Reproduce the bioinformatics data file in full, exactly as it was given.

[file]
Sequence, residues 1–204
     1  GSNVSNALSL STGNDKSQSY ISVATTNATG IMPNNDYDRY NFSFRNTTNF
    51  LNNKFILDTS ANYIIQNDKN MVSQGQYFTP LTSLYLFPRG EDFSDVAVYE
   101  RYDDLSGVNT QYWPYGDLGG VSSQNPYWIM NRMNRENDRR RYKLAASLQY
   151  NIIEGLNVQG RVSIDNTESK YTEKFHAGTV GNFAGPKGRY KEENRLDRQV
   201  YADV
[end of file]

Sequence, residues 1–204
     1  GSNVSNALSL STGNDKSQSY ISVATTNATG IMPNNDYDRY NFSFRNTTNF
    51  LNNKFILDTS ANYIIQNDKN MVSQGQYFTP LTSLYLFPRG EDFSDVAVYE
   101  RYDDLSGVNT QYWPYGDLGG VSSQNPYWIM NRMNRENDRR RYKLAASLQY
   151  NIIEGLNVQG RVSIDNTESK YTEKFHAGTV GNFAGPKGRY KEENRLDRQV
   201  YADV